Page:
Two Scientists Win Nobel Prize in Physics for Ultra-Thin Material
Andre K. Geim and Konstantin S. Novoselov, winners of Nobel Prize in Physics. Photos by University of Manchester, via Associated Press
The 2010 Nobel Prize for Physics was won by two scientists for their work on a revolutionary ultra-thin material called graphene, the Royal Swedish Academy of Sciences announced.
The breakthrough has implications for areas from quantum physics to consumer electronics.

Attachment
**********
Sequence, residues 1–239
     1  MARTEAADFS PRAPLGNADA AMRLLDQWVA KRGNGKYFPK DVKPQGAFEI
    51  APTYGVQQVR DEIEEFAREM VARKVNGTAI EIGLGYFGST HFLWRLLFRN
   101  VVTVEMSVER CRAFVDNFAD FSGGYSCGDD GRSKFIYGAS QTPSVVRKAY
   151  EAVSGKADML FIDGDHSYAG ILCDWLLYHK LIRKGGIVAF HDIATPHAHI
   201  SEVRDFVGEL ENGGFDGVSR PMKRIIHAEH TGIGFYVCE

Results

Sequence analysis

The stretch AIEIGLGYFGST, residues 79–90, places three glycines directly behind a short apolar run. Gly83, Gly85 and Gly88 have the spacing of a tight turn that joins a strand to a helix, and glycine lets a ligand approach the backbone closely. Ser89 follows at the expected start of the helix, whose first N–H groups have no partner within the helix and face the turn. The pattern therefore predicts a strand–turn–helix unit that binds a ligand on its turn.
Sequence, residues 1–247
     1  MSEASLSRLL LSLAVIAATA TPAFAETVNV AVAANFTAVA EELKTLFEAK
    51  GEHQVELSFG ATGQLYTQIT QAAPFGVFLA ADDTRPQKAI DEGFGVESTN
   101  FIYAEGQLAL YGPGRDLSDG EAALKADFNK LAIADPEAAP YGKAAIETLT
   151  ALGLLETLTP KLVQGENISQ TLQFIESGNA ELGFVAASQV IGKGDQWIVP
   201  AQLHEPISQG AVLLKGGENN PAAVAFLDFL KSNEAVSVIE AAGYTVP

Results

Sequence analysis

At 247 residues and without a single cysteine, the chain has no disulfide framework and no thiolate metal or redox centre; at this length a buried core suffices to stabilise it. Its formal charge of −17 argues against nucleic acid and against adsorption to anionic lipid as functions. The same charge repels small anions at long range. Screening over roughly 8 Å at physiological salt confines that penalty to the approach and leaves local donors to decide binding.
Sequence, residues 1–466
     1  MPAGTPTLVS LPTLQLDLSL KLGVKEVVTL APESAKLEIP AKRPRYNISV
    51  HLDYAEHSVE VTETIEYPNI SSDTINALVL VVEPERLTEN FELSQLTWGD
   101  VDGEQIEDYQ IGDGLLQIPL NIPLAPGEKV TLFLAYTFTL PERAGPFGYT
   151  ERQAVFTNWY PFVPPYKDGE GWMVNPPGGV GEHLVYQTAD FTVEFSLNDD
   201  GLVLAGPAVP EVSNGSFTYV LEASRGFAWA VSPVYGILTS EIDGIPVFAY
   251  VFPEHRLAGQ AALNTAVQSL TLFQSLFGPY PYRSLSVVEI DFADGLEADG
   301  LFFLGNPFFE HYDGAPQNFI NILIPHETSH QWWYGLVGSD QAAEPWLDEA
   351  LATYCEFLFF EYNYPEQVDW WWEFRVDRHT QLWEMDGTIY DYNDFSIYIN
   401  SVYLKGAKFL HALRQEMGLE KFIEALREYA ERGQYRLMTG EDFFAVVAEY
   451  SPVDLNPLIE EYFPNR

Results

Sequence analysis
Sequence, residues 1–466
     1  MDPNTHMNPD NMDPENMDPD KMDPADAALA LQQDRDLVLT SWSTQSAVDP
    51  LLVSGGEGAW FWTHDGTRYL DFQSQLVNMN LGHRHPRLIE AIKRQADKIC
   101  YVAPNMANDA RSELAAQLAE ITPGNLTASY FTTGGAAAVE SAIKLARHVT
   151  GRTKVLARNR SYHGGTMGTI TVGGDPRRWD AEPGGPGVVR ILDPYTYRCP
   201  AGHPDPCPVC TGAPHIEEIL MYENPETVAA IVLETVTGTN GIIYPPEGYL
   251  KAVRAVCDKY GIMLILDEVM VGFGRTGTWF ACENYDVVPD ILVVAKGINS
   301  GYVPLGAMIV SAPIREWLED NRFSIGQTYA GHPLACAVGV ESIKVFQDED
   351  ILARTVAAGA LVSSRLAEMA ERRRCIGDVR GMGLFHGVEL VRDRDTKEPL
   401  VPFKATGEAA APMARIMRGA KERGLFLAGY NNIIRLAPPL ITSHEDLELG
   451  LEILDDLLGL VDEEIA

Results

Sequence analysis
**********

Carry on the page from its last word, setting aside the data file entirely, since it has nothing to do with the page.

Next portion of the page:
Andre K. Geim and Konstantin S. Novoselov, both scientists at the University of Manchester in England, shared the award for their development of a form of carbon that is only one atom thick.
In their announcement of the prize, the Academy said that “carbon in such a flat form has exceptional properties that originate from the remarkable world of quantum physics.”